8 recent issues that risked the employment of Filipinos

May 4, 2018 - 9:40 AM
Labor worries under Duterte administration
A number of groups have voiced their opposition to the P25 wage hike approved for the NCR .(Artwork by Uela Badayos)

(Updated May 4, 2018, 9:53 a.m.) The president’s signing of an executive order as thousands of labor groups protested on May 1 failed to appease workers’ woes to end contractualization in the country.

Labor groups voiced out their frustrations on the streets, while others took theirs to social media.

Among the reactions, former solicitor general Florin Hilbay enumerated on Twitter last April 30 the major labor-related issues of the current administration.

1. Unemployment due to Boracay closure

Over 30,000 workers in Boracay lost income after the island was closed off from tourists for six months supposedly for its much-needed rehabilitation.

Prior to the closure, no detailed plan was issued to address the impending revenue and job losses during the rehab period.

2. Diplomatic mistakes that endanger OFWs’ jobs

The growing diplomatic dispute between the Philippines and Kuwait left more than 260,000 overseas Filipino workers uncertain of their physical and professional security.

President Duterte imposed a deployment ban to the Arab country in February following the discovery of the body of a Filipino worker in a freezer there. While the government said it would be a temporary policy which will be lifted once there is an agreement with Kuwait, Duterte said it is permanent.

3. Pilfering that led to the termination of Miascor employees

Last January, long-time aviation service provider Miascor lost the trust of key airports in the country, and in turn, left nearly 4,000 people jobless after a luggage thief incident that earned the ire of the president.

4. Unfortunate effects of TRAIN law

The government’s Tax Reform for Acceleration and Inclusion law may be a win for some, but others argue it as ill-conceived in relation to the low-income Filipinos and the poor.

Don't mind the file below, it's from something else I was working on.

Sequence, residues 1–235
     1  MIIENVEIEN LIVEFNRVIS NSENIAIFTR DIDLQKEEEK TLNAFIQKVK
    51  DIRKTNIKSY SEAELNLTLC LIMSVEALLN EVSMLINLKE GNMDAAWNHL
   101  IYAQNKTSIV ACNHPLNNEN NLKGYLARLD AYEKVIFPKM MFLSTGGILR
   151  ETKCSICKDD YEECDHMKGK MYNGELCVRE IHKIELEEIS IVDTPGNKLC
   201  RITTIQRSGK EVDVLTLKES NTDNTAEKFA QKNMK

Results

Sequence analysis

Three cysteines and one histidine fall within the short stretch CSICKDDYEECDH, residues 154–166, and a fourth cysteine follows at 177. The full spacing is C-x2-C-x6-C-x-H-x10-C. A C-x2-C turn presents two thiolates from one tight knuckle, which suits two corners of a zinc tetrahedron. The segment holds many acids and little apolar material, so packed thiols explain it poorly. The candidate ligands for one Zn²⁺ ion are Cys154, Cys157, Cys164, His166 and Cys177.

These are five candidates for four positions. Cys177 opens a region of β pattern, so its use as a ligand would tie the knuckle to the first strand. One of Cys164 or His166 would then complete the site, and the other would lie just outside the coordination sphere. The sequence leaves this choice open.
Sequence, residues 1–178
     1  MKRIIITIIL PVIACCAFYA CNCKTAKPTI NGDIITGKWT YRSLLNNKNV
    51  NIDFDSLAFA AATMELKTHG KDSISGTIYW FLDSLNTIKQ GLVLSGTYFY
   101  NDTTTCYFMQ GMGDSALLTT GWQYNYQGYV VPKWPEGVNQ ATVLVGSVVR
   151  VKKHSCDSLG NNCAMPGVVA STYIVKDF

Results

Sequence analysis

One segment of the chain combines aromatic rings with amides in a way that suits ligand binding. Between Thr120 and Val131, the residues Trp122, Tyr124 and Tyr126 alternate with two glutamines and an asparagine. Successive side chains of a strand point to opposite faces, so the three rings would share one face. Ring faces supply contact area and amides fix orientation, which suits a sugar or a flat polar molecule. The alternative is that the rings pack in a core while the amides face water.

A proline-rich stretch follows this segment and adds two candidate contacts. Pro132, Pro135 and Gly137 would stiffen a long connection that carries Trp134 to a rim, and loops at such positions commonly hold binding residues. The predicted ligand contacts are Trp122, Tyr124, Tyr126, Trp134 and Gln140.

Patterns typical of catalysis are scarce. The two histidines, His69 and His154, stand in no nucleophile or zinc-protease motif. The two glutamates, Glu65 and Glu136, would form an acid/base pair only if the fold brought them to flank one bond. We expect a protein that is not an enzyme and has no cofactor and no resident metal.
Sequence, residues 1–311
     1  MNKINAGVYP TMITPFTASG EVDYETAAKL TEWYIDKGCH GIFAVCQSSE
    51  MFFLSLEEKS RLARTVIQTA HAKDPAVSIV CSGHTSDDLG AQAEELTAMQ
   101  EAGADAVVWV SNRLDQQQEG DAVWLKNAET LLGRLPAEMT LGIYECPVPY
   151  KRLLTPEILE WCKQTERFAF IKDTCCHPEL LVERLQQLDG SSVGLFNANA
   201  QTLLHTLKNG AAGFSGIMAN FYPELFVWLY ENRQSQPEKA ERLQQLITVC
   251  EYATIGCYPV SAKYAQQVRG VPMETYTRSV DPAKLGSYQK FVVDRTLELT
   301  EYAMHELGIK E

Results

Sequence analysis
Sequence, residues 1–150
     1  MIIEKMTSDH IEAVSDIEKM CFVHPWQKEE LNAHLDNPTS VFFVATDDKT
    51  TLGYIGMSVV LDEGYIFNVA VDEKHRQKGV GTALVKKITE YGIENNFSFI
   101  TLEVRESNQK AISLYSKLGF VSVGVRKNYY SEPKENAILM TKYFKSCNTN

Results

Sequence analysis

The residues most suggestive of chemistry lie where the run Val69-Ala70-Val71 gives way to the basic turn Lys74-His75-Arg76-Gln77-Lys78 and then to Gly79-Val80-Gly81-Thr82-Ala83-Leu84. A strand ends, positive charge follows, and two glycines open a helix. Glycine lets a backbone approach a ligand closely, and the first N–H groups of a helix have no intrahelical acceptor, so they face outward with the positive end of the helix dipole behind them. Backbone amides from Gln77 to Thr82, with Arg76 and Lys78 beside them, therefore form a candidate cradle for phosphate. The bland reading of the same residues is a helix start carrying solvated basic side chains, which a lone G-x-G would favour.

Several voices have pointed out that the poorest families without taxes are the ones that would be most affected by the increase of prices of basic goods. As of Friday, inflation or the general increase in prices against the value of money accelerated at 4.5 percent—the fastest in five years and beyond the ceiling government projected.

5. A hole in the plan for drivers in jeepney modernization

The Department of Transportation’s Public Utility Vehicle Modernization Program orders the slow phaseout of jeepneys of at least 15 years old to make way for the modernized version.

Members of transport groups rally on the phaseout of jeepneys, one of the labor issues under the Duterte administration. (Bernard Testa/ file photo)

Government said there would be subsidies affected drivers and operators can avail of through loans. But transport groups have argued that such loans favor big jeepney operators over independent drivers.

6. Fishermen afraid of China’s civilian force

The arbitral tribunal that ruled in favor of the Philippines in 2016 declared the Scarborough shoal—which the Philippines calls Panatag—an open fishing ground to be enjoyed by fishermen in the region.

But since China deployed its coast guard in the area, fewer Filipino fishermen have returned to Scarborough. Despite President Duterte’s closer ties with Beijing, no assurances have been made to allow them to benefit from the newfound friendship.

7. BPO industry slowing down

The Asian Development Bank stated in a report that Philippine universities are not producing graduates who are competitive enough for higher positions in the business process outsourcing sector.

There are also lingering fears over fleeing BPO investments due to US President Trump’s impending penalties against businesses that invest offshore and Duterte’s anti-US rhetoric.

8. The ‘endo’ problem that does not end

Partido ng Manggagawa stated that they were “dismayed” with the president’s executive order and that they’re in for another “waiting game.”

Aside from the EO, Duterte also ordered the Congress to enact a law that will amend the current labor code.

Meanwhile, others on social media pointed out that the EO is apparently useless because it merely reiterates what was in Article 106 of the labor code.

One user, ABS-CBN journalist Lynda Jumilla, took the time to post two versions that the labor groups’ want and Duterte’s own.